I finally read The Princess Bride by William Goldman after having loved the movie for many years and the book was equally fantastic. So, so glad I got around to it. I also continued my Kurt Vonnegut acquaintance with God Bless You Mr. Rosewater and he was as witty, intelligent and brilliant as always.
I also had the pleasure of starting some really great graphic novels, both Rat Queens and The Wicked + The Divine have me hooked - and I've continued with Saga, which is still fabulous.
After seeing an art installation at my local art museum titled "Women Without Men", I found out via goodreads it's based on a book by Shahrnush Parsipur. I acquired the book from my library and finished it in December. Another really excellent experience, and it's my desire to read more books as diverse as this in the year to come.
All in all, I'm happy with 2015, although I wish I'd made it to 100 books. I'm ready to see what 2016 brings. ...more
“It is almost like being a god. We create what it is to be human when we stand fifty feet tall on a silk screen.”
I never really got into this book. I“It is almost like being a god. We create what it is to be human when we stand fifty feet tall on a silk screen.”
I never really got into this book. I never felt compelled to pick it back up, because I needed to know what happened. I wanted to know, but I didn’t need to know. I continued reading, because it was interesting enough, but at no point did I feel that drive you sometimes get with a book, where you lose yourself in it.
I think the problem is it worked a little too hard at being pretty, and not enough at having a story to tell, which is not a fair statement really, because there is a story; the mystery of the disappeared Severin Unck. I just felt we were constantly circling the story, and never quite getting to it. It’s not a continuous story, each chapter takes a different form, some are movie scripts – from Severin’s movies, from her father’s, from her father’s personal videos – some are recordings from an interview, some are news paper columns, some are… I don’t know, they read like chapters from a proper book, but that’s not it.
It’s a documentary, a documentary on paper, that someone’s put together from whatever pieces they could find to tell the story of Severin Unck. It’s clever and most of the time it works. But I have to admit the ending didn’t really satisfy me. (view spoiler)[Mostly because I didn’t feel like I was given a real ending at all. See end of review for an explanation. (hide spoiler)]
This is a story about telling stories. It’s the story other people have told of Severin disappearing, not the actual story of Severin disappearing. It’s about how everything is staged, to some degree; even documentaries aren’t honest depictions of what happened, everything always has a perspective, someone telling the story, someone cropping the picture. And everyone tells it different, everyone tells it with a different beginning and ending, everyone’s got a different point to make. It’s about the comfort we find in stories, the way they shape our universe, how they can be both devastating and beautiful. They can show us cruel truths and gentle lies. It’s a book about storytelling – about movies, in particular.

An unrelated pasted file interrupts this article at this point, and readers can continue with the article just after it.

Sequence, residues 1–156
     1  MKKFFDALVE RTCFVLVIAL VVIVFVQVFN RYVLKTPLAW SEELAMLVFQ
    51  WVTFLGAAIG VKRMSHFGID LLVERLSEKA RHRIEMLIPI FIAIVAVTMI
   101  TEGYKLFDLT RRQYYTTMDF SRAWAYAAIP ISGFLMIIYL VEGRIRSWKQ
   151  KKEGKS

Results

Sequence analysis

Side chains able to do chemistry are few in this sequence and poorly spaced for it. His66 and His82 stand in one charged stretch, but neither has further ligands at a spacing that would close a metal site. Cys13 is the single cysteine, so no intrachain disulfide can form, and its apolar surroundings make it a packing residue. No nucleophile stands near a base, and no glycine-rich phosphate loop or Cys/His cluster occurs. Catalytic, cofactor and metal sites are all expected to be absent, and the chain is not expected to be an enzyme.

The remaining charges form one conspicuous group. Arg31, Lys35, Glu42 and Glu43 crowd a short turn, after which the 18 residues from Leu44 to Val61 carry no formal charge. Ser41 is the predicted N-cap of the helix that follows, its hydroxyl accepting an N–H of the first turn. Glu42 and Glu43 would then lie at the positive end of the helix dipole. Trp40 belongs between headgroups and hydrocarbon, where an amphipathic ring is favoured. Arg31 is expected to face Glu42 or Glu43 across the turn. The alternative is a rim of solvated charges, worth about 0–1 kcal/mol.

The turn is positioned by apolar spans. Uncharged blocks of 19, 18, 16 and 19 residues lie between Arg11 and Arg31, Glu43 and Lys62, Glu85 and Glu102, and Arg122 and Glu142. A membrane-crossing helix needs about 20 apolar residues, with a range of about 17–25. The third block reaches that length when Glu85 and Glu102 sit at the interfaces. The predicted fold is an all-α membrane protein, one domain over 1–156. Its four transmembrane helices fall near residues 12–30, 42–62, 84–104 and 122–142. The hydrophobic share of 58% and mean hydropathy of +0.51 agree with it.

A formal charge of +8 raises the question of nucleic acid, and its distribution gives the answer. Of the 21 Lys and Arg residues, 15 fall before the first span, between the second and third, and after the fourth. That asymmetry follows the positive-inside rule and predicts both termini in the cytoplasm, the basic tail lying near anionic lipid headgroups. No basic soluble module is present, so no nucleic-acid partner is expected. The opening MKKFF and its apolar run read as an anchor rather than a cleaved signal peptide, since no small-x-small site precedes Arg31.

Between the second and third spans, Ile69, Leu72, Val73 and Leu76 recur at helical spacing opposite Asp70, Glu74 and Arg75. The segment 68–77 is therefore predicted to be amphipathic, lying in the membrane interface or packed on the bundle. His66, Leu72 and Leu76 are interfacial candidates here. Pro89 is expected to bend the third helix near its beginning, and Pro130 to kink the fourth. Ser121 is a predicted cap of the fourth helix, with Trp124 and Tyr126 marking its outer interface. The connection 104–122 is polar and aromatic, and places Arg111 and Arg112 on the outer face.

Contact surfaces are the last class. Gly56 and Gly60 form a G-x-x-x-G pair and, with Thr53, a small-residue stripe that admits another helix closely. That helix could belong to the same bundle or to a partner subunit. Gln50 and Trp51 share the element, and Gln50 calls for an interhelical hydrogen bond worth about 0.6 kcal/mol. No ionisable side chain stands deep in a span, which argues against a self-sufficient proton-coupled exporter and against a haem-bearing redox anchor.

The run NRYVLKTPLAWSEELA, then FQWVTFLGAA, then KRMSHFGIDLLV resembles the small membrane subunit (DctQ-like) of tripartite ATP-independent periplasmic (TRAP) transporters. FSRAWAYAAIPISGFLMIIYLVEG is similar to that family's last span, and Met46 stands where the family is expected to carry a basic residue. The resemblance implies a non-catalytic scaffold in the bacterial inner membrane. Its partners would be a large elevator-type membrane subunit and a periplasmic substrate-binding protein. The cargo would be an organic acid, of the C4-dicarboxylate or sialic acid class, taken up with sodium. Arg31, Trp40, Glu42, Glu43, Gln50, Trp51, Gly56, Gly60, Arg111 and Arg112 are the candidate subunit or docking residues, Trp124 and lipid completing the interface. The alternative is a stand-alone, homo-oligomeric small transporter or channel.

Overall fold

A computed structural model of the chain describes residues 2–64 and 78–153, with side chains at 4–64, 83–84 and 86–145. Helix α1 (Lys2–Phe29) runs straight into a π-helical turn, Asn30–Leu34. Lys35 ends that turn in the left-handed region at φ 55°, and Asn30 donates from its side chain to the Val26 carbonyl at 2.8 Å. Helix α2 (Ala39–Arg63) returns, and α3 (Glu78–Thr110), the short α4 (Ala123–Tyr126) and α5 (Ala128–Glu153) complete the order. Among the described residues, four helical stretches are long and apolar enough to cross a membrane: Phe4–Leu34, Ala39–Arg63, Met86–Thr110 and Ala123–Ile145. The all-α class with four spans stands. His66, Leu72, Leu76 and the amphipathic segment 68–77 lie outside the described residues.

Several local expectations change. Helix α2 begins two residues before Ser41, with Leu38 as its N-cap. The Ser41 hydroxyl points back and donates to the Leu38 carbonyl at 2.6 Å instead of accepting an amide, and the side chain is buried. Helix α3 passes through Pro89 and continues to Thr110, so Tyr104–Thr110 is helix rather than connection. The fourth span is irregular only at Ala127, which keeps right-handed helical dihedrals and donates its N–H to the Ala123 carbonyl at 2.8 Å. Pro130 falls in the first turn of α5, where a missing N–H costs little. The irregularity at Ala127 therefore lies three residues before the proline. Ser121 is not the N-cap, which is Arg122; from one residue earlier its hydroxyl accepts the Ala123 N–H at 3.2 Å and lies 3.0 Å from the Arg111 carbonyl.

Valentes universe is glorious. Imagine a parallel universe where we’ve advanced enough technologically to travel to other planets in the solar system (they’re a lot closer here than in our real world), but where Edison sits on the patent for sounds in movies. A world where we inhabit planets, but are still stuck in the 20s. The aesthetic of such a universe is breathtaking, and Valente describes it perfectly. Every planet is closer to earth, it’s habitable, each its own sparkling world of possibility. Pluto is gothic, a bridge of flowers connecting it to its moon, Venus is wrapped in twilight, a day as long as a year. The care and effort Valente has put into the universe she presents is astounding. More than anything this book is worth reading for the world it creates in your mind. It’s beautiful, but a decadent beauty, one that maddens and corrupts, but also invigorates. A universe so open, so friendly, so staggeringly fantastical, it’s almost too good to be true.
“When I looked upon that new world, splendid in every way and in every way terrible, I looked upon a tiger with stars falling from his striped tongue. I looked and saw my true bridegroom, but would it also be my grave?”
Being in it was a pleasure. That’s the 4 stars. Because I didn’t care much for the story itself. I loved the mixing of genres, I loved the imitated Hollywood-setting on the moon, I loved the idea. But I never cared much for any of the characters, perhaps because what we’re given is, again and again, imagined versions of them. It was difficult to get a grasp on the real Severin, or the real Anchises, because they were always seen through a lens, through someone’s imagination. They didn’t seem real to me, like people I should care about. I felt extremely detached from the story because of it.
Unsurprisingly I felt the story worked best when nothing was staged, when we saw the real characters, without any sort of filter, but sadly that didn’t happen very often. I’m still gonna give it 4 stars, because it’s entertaining, mixing mystery and noir, Old Hollywood, romance, philosophy, children’s stories, radioplays and documentary storytelling, and there are enough mysteries and secrets to uncover that I wanted to keep going. Sometimes it got a little too flowery with the descriptions, a little too honeyed and exaggerated, but the vision? Breathtaking. I’ll repeat: it’s worth reading for the world it creates alone.